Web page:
Innovation in the public sector can take many forms. Over years of research at the system level of public sector organisations, the OECD’s Observatory of Public Sector Innovation (OPSI) developed a multi-faceted innovation model.3 This section will cover the theoretical underpinnings of the model and its linkages to innovation theory.

OPSI defines public sector innovation as “the process of implementing novel approaches to achieve impact” (OECD, 2017[11]). In the broadest terms, public sector innovation comprises three components: novelty, implementation and impact. This definition takes Schumpeter (1934[12]) as its starting point: new combinations of new or existing knowledge, resources, equipment (“novelty”), and other factors with the aim of commercialisation or application (“implementation”). While private sector innovation usually aims to gain competitive advantage, the same metric cannot be applied in the public sector. Thus, “impact” usually means a shift in public value (OECD, 2019[13]). In general, public value represents a normative consensus of prerogatives, principles, benefits and rights that can be attributed to both governments and citizens (Jørgensen and Bozeman, 2007[14]), and linked to a variety of values like effectiveness, transparency, participation, integrity and lawfulness. Not all public value has a clearly distinguishable cost/monetary benefit dimension (Tangen, 2005[15]). Hence, not all public sector innovation projects are developed with efficiency or productivity as a goal (Kattel et al., 2018[16]).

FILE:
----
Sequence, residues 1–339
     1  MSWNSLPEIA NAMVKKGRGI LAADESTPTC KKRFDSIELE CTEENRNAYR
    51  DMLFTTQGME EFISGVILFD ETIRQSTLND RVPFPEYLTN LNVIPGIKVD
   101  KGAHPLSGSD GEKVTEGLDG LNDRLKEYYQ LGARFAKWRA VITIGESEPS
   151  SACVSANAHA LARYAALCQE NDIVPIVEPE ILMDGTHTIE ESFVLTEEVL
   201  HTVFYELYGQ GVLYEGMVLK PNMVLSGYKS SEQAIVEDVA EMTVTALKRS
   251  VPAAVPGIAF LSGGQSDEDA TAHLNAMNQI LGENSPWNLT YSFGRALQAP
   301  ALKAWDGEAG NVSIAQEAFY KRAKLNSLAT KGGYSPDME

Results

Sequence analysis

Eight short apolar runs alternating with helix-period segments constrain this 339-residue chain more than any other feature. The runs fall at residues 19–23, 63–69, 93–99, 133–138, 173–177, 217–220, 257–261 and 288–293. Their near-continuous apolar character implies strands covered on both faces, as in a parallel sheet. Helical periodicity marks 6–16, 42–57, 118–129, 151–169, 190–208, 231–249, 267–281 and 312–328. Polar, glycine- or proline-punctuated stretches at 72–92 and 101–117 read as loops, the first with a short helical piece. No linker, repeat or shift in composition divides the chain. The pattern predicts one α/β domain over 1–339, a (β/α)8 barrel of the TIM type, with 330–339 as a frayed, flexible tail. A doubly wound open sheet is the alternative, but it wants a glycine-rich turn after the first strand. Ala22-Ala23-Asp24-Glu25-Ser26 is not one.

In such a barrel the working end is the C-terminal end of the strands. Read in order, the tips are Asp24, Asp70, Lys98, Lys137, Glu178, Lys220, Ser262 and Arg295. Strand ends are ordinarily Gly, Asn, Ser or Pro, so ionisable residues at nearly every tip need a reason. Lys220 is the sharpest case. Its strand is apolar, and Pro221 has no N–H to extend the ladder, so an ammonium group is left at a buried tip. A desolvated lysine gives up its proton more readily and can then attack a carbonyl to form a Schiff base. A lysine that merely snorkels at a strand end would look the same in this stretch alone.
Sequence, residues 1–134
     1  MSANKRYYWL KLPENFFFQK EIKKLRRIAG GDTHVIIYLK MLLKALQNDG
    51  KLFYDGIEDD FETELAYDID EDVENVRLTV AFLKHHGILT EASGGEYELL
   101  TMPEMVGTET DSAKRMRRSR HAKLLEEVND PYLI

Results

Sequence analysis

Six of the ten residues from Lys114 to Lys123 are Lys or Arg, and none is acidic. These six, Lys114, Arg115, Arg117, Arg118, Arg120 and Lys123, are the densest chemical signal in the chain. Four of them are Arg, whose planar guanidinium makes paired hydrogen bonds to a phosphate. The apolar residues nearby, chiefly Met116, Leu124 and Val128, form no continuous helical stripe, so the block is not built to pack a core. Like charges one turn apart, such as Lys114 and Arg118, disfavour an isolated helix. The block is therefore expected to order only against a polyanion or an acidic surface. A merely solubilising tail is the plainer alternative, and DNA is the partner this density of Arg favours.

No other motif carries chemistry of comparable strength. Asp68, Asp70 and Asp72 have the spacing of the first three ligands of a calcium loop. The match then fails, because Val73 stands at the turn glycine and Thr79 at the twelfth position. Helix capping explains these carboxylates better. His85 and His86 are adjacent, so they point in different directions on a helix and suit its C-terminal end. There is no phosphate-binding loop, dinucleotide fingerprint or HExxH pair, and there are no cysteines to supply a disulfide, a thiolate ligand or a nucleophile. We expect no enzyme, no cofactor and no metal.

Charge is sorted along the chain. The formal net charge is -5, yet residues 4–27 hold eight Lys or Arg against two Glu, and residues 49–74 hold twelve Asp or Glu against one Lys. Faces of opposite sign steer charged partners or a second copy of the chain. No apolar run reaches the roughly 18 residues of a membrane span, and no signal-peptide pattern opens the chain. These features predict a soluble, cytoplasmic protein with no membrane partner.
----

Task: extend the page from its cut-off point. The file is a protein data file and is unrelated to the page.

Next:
This definition of innovation in the public sector distinguishes it from everyday changes in organisations. For example, prototypes, pilots and experiments are often framed as innovation in the public sector, but they cannot be considered as such de facto. This also sheds light on the limits of labs in the public sector that do not factor implementation into their work (Tõnurist, Kattel and Lember, 2017[17]; McGann, Blomkamp and Lewis, 2018[18]). This issue becomes bigger as the work and funding of innovation become more project based and impacts are not scaled up, diffused or even evaluated (OECD, 2018[19]) (Chapter 2 discusses this in more detail, in the context of innovation portfolios). Thus, it is difficult to know which public value shifts beyond the obvious – positive and negative – innovation brings about. Often this is a matter of perception, rather than fact (Thøgersen, Waldorff and Steffensen, 2021[20]).